‘Back against the wall’
Swindler confesses to elaborate scheme of funds transfers
The former senior manager at the National Commercial Bank (NCB), who on Thursday admitted to swindling the company out of $34 million, broke down in tears last June when she was confronted by the bank’s internal investigator, claiming that her “back was against the wall”.
The Home Circuit Court heard that when the 52-year-old offender was questioned about the illegal transactions in her office at the bank’s Operation Centre at Trafalgar Road in New Kingston, she immediately pushed her laptop away, laid her head on the desk, and started crying, “It is really bad, it is really bad.”
The mother of three told investigators that she started stealing from the bank in 2017 to help a cousin who had cancer and after she ran into financial difficulties while renovating her house.
However, the court heard that Gordon had initially tried to lie her way out of the fraud, claiming that the money she had transferred to her accounts from the bank’s system had been from other banks’ cheques, which she had manipulated the system to show.
The ex-manager, who had been employed to the company for 30 years and at the time of her arrest was earning $11.1 million annually, appeared shamefaced on Thursday as she stood in the dock listening to the allegations while holding her head down at times, and at other instances, shaking her head in disagreement.
Gordon, who started out at the bank as a special cashier in 1989, then pleaded guilty to three counts of larceny as a servant, three counts of access with intent to commit an offence, and seven counts of engaging in a transaction that involves criminal property before Justice Lorna Shelly-Williams and was remanded for sentencing on May 31.
According to the facts outlined in court by senior prosecutor Andrea Martin-Swaby, Gordon posted 282 transactions, totalling approximately $111.3 million, in which funds from the bank’s accounts were transferred to her accounts and relatives, including her children and spouse, as well as the accounts of familiar customers based on the findings of the bank’s investigation.
Swaby, however, informed the court that the transactions that are covered in the indictment amounted to $34 million.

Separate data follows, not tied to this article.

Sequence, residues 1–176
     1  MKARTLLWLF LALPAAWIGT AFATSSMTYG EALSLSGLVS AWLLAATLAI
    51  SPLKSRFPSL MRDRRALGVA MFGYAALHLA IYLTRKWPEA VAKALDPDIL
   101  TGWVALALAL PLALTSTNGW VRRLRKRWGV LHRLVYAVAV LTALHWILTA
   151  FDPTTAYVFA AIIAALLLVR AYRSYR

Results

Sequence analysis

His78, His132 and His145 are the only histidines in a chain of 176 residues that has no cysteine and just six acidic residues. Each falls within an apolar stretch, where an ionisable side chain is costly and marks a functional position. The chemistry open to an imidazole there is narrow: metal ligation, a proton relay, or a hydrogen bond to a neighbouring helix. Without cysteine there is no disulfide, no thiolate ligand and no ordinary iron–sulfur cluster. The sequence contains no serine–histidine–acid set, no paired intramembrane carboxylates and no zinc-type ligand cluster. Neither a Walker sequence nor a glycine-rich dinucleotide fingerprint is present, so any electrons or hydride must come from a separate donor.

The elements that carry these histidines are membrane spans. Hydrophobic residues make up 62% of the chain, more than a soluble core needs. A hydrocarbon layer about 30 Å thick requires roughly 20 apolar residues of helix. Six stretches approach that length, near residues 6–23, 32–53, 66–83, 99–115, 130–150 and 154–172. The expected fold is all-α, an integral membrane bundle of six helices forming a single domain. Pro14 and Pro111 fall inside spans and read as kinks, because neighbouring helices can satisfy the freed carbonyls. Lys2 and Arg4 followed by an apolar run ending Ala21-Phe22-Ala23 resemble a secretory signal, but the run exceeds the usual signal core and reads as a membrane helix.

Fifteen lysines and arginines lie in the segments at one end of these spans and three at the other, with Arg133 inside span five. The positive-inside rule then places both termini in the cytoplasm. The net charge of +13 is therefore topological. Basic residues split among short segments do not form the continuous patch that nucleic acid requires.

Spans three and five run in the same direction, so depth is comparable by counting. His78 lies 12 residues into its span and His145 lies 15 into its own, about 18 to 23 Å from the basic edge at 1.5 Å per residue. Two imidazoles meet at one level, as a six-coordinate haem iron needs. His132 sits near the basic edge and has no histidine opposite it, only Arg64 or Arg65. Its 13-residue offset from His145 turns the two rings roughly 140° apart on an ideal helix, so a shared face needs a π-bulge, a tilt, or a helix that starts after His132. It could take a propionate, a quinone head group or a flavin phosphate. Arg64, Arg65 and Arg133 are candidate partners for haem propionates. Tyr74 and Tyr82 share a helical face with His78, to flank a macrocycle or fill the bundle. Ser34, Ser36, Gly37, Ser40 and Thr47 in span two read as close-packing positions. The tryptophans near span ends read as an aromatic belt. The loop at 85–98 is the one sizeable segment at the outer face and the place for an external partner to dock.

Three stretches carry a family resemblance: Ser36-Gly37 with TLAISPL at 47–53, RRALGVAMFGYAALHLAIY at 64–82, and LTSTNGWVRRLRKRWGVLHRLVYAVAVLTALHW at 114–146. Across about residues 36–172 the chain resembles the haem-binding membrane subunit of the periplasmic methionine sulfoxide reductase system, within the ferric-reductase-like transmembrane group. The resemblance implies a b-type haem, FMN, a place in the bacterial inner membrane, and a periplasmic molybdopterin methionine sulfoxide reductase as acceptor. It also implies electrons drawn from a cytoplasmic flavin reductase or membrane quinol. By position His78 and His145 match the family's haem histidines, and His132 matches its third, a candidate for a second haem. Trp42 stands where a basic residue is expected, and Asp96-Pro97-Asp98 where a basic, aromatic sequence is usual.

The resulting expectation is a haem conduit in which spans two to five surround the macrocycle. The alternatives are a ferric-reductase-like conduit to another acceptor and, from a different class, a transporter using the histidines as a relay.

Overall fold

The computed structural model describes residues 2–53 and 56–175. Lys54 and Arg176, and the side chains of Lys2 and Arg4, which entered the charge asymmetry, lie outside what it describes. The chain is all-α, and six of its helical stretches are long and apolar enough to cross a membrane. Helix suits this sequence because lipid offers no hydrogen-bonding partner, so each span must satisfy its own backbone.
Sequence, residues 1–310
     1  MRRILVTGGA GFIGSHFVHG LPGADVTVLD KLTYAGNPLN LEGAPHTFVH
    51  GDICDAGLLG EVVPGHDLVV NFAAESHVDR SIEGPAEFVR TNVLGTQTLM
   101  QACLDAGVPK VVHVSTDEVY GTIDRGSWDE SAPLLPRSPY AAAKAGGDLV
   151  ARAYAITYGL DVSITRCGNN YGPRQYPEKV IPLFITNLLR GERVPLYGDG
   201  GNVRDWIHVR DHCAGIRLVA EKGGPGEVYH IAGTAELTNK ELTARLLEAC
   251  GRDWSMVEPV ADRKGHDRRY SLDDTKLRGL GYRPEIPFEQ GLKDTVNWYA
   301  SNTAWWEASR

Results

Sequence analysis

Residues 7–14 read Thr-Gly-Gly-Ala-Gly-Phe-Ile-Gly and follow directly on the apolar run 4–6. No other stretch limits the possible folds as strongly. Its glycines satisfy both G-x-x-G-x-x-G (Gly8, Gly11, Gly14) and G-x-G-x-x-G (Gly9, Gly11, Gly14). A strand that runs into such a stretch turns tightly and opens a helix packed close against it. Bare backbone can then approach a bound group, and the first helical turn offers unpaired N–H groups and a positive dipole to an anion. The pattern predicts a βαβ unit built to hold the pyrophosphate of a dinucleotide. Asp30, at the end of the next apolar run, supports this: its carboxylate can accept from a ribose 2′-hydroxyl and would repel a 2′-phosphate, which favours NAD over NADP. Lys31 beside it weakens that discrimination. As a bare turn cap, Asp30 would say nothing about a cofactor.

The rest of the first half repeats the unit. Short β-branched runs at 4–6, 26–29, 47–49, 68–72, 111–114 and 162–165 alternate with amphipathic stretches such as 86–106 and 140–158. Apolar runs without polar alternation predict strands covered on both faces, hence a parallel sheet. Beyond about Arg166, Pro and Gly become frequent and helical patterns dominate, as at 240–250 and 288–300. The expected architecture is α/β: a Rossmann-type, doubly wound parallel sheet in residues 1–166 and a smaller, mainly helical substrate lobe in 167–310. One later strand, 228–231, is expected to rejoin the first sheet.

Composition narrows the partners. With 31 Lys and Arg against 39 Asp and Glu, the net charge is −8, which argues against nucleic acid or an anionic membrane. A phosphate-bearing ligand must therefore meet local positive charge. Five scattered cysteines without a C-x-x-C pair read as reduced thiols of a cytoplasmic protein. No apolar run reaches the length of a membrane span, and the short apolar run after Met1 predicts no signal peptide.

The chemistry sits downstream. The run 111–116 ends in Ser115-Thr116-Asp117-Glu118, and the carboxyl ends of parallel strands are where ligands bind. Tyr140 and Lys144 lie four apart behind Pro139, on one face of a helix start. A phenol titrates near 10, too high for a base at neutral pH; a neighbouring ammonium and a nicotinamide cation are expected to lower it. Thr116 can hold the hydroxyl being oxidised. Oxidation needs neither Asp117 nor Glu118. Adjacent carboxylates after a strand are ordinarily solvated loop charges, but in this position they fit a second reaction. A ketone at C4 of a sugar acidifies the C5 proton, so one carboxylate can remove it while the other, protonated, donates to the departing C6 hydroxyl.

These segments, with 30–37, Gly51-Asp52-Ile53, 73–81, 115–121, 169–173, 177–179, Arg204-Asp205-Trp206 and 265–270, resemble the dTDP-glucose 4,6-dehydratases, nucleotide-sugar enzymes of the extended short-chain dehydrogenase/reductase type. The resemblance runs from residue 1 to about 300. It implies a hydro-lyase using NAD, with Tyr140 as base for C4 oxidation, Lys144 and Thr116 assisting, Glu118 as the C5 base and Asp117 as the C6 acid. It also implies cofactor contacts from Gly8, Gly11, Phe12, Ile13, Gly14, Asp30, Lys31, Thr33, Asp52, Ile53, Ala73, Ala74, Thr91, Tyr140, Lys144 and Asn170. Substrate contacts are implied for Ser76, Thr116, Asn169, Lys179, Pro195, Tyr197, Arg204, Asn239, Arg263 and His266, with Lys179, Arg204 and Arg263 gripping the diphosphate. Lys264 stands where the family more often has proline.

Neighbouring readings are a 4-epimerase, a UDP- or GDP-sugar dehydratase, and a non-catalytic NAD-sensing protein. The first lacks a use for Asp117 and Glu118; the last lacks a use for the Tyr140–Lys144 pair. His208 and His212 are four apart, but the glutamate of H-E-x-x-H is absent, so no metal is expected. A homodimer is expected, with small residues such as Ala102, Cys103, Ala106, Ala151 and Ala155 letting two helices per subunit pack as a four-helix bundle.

Gordon was able to access the bank’s system via a unique code that she was given in her capacity as manager, which enabled her to conduct transactions on her own, the court heard.
From the millions that Gordon had accessed, a total of $24.5 million was transferred to the account of Construction Company between February 2017 and April 2018 and a further $7. 2 million to the owner’s account in April 2018.
The court further heard that the owner of the company, who had previously met Gordon while she was fixing her Three Oaks house in Kingston was contacted in 2017 by Gordon, who told him that she had bought a house in Havendale and wanted a contractor to effect repairs.
The construction company boss, after recommending a contractor, agreed with Gordon for her to send the money to his business account to cover the cost for goods and services.
The witness, who said he was shocked when Gordon was arrested, further disclosed that he had maintained records of all the cheques that were drawn against the account as well as the receipts for the goods and services, which Gordon would inspect periodically.
The court heard that the cheques drawn - totalling $8.9 million - were paid out to two of Gordon’s children, her spouse, and a co-worker.
Gordon had also transferred $83,000 to a courier company for clothes and handbags purchased overseas in February 2020; $70,000 to a tenant’s account in 2020 for work done on her property in Bushy Park, St Catherine; $81,500 to a vendor in February 2020 for a blouse, six jackets, and two dresses; and $12,000 to another person for Gibson Relays tickets in February 2020.
Following Gordon’s guilty plea, her lawyer, Vincent Wellesley, begged the judge to admit her to bail for her to “prepare for the inevitable”.
Wellesley told the judge that his client, who, from the inception, owned up to her wrongs, had not sought to flee the jurisdiction and had turned up to court on each occasion when the matter was mentioned.
Justice Shelly Williams, however, refused the application.
But before making the application, the attorney registered his displeasure at the Crown’s disclosure of the total amount of money that the bank has lost from Gordon’s illegal transactions.
He accused the Crown of trying to prejudice the judge’s mind but was assured by Justice Shelly Williams that she would only be dealing with what was on the indictment and “nothing else”.
Following that, the judge requested a social enquiry report.
Also, before the matter ended, an attorney-at-law, Candice Williams, from the Financial Investigations Division, indicated that the division would be pursuing a forfeiture order against Gordon under the Proceeds of Crime Act.
The fraud case against Gordon was transferred on Thursday morning from the Kingston and St Andrew Parish Court to the high court after Director of Public Prosecutions Paula Llewellyn entered a nolle prosequi to end the matter in a lower court and move it to the Supreme Court on a voluntary bill of indictment.
However, Gordon’s son, Odain Ffrench, and her spouse, Lloyd Ffrench, who are both facing fraud-related charges in connection with the multimillion-dollar fraud, had their bail extended on Thursday in the parish court for them to return on June 24.
Odain is being represented by attorney-at-law Valerie Neita-Robertson, QC, and his father is being represented by Patrick Peterkin.